Recently, I attended a Forrester conference where I was asked to present a question to a breakout group to discuss the application of Big Data to state government. My specific question was:
When developing our overall data strategy, it often feels like we’re pushing a rope up hill. Some clients are still vested in using their spreadsheets, and some clients feel overly protective of their data. When building a business case, how do we address the cultural differences between departments? Is it possible to promote maturity using analytics, or is it the other way around, that the organization must mature to some level before analytics are worth the effort?
To expand on this a little bit, it seems that different agencies in state government are at different levels of maturity. When we propose business analytics, we in IT are trying to come up with the service catalogue item such that any agency can subscribe from our centralized catalog of services. Often, this is really limited to the agency’s maturity to consume the service. In some agencies, we find very mature business processes that welcome analytics to provide prescriptive activities to optimize performance.
As an example, when I was in the City of Denton, Texas, we helped the Denton Police Department identify patterns in crime behavior, which prompted the department to modify police beats and times to directly address the issues. Analytics produced prescriptive actions to be taken by the police, which was only possible because of the maturity the police department had attained in the use of crime data.
In another example, we found the weight of garbage trucks, particularly the recycling of paperboard, corresponded closely with the sales tax collections for the city. Sales taxes were a lagging indicator (the State of Texas would remit sales taxes to the municipalities in the following month). To know what we could expect for sales tax, we would track the weekly paperboard collection. This did not produce a prescriptive response, as our accounting group was not able to apply this data in real time to the activities of the city. Analytics were used to preview what was on the horizon more so than being applied to change what we were doing.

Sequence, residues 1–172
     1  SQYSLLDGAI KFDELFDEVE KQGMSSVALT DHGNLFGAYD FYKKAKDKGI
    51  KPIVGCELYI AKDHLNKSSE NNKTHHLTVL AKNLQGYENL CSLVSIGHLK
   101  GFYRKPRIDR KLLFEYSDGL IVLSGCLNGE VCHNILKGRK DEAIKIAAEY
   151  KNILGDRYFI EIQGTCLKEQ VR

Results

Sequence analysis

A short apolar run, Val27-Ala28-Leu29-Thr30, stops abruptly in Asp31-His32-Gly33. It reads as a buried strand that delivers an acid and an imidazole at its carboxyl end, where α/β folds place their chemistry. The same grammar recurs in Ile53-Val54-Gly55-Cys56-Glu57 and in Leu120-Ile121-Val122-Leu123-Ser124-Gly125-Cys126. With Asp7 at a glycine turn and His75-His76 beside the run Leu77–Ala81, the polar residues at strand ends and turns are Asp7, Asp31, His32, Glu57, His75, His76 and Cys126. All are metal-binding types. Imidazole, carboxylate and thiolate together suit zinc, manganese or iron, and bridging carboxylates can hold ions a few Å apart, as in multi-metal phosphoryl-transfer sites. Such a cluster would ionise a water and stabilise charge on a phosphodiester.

The discussion boiled down to the question, “Should IT use analytics to help organizations mature in their use of data, or would our energies be better spent around meeting the agency at their maturity level and providing the service they wanted in the way they could consume it?”
There were good points made on both sides of the issue, but it was generally the consensus of the group that it is really IT’s mission to assist the agencies mature in their use of information.
So how are other organizations approaching this problem of balancing educating the user to the value of Big Data with the traditional delivery-focused mission of IT? And how does the maturity of the customer affect the application of big data services?